More than 760 people are still waiting for their visas two years after a one-off residency scheme was introduced for workers who played a critical role in supporting New Zealand’s economy through the Covid-19 pandemic.
Between December 1, 2021 and August 1, 2022, more than 106,000 applications for residence visas under the 21RV scheme were received by Immigration New Zealand.
Although 96 per cent of the applications have been decided, figures released to the Herald indicated 768 were still waiting for a decision.
Jay Abellano, 48, a carpenter originally from the Philippines, who has been waiting more than two years, says the wait is killing him and creating “extreme stress” for him and his family.
Abellano has three children, aged 16, 17 and 23, and his wife is a teacher who he believes can get registered here and help with New Zealand’s teacher shortage.
“When they first announced the scheme and my application was first lodged, there was a lot of excitement. I felt my prayers of being reunited with my family is coming true,” he said.
“Now I feel like it is just one big lie, and that nothing is going to happen. My family keeps asking me for updates, but I don’t know what to say.
“I’m feeling frustrated and helpless, and the wait is causing extreme stress for myself and my family, and it is just killing me.”
Abellano has been on an interim visa after his work visa expired in July, and his life has been put in limbo without the INZ decision.
Another applicant, who did not want to be named fearing it could jeopardise his application, said the two-year wait has resulted in him feeling “like a prisoner”.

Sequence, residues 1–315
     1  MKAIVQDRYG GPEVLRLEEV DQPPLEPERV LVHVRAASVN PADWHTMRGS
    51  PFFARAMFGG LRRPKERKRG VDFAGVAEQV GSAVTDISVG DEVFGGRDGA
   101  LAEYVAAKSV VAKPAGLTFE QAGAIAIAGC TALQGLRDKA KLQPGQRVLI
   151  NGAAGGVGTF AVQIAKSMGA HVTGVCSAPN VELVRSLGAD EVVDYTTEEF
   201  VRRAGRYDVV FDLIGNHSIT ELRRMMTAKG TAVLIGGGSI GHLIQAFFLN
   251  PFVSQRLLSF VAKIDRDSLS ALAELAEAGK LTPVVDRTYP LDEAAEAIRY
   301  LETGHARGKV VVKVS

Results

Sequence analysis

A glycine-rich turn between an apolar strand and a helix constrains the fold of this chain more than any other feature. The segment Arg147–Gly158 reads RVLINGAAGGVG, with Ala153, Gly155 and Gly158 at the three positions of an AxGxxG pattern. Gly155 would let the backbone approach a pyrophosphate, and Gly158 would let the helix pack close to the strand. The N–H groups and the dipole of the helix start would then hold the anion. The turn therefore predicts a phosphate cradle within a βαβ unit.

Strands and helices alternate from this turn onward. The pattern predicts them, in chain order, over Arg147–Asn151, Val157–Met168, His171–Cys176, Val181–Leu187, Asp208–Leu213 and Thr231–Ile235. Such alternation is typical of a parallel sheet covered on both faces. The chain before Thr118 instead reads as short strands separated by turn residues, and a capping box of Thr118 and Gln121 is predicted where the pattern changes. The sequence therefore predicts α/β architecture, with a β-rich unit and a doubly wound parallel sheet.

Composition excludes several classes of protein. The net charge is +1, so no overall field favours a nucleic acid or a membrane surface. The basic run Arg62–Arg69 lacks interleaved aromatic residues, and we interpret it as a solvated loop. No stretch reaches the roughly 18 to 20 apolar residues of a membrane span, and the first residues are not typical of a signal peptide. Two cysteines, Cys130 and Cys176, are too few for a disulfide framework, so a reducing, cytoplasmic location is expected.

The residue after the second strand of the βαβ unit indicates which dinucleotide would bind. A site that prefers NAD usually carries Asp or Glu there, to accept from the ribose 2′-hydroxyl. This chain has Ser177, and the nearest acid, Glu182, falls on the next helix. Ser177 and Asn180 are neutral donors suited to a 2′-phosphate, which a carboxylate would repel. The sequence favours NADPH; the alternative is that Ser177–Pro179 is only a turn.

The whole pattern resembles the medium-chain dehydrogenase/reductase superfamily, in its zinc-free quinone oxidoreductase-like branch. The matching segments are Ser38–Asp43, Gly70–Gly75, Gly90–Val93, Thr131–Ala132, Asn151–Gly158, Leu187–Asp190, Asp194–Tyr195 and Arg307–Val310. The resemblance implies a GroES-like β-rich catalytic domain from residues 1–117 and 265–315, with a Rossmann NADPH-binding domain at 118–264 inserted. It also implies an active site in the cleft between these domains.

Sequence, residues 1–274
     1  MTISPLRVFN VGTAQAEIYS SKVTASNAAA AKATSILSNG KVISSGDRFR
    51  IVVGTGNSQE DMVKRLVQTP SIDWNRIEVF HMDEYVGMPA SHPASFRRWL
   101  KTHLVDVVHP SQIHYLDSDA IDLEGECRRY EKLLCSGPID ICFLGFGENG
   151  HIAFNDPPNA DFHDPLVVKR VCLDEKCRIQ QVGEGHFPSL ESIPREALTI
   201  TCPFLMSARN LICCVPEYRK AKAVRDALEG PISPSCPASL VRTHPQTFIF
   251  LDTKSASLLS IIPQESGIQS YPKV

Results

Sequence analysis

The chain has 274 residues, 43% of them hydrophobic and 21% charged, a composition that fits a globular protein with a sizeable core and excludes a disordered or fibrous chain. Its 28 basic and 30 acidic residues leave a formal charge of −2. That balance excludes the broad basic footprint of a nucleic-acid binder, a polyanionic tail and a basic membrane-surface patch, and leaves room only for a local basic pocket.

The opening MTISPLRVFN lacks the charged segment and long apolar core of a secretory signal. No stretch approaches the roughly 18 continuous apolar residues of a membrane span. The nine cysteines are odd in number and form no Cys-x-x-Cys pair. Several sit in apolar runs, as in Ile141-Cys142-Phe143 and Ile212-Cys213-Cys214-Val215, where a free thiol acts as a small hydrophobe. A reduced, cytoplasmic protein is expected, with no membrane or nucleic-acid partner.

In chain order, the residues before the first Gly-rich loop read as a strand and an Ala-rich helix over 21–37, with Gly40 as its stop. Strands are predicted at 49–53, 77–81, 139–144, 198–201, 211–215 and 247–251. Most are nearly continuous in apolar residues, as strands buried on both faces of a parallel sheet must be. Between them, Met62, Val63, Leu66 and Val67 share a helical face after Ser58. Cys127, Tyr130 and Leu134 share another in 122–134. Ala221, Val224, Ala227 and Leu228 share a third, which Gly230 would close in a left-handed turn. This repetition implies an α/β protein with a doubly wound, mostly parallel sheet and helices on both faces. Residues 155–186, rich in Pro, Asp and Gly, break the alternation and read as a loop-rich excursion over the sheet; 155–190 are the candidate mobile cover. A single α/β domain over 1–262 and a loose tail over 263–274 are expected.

“In my situation and visa condition, I am unable to leave New Zealand because once I go, I am unable to return,” he said.
“So everything hinges on the INZ decision to my 21RV application. I have not seen my family since the Covid-19 pandemic, and it feels like I’m a prisoner when I can’t make plans to travel back to see them.”
Immigration lawyer Maricel Weischede, acting for Abellano, said the reality was many were still facing uncertainty.
“INZ vowed a 12-month processing period, a promise that hasn’t seen the light of day,” Weischede said.
“It’s time for INZ to urgently prioritise these pending applications. The futures of these applicants and their families who’ve been left hanging far too long.”
Another immigration lawyer Harris Gu says he has some clients who have been waiting close to two years for a decision and said the waiting time was unreasonable.
Jock Gilray, INZ director visa, said the agency “are working hard to decide the remaining 21RV applications”.
“Residence applications take time to process given the level of detailed assessment required for each application,” Gilray said.
“The time taken to decide an application varies depending on the level of complexity involved, whether sufficient information was provided with the application, and whether verification with third parties is required.”
Gilray said the 21RV scheme was a one-off pathway launched to provide certainty for migrant families that faced disruption because of Covid-19, and to help retain the skills New Zealand businesses need to support New Zealand’s economic recovery.
“Ninety-nine percent of these applications have been decided,” he said,
Gilray said most of the remaining decisions required further information from the clients themselves, or third party agencies to meet immigration criteria including health, character or verifying relationships.
Meanwhile, Gilray said plans are also under way to allow permanent resident visa applications online.
Currently, the applications have to be done on paper with Auckland being the only office accepting them.
“INZ has allocated additional resources to process permanent resident visa applications and will implement an online application for this product in early 2024,” he added.
Lincoln Tan specialises in covering stories around diversity and immigration. He’s been a journalist at the Herald since 2006.
Take your Radio, Podcasts and Music with you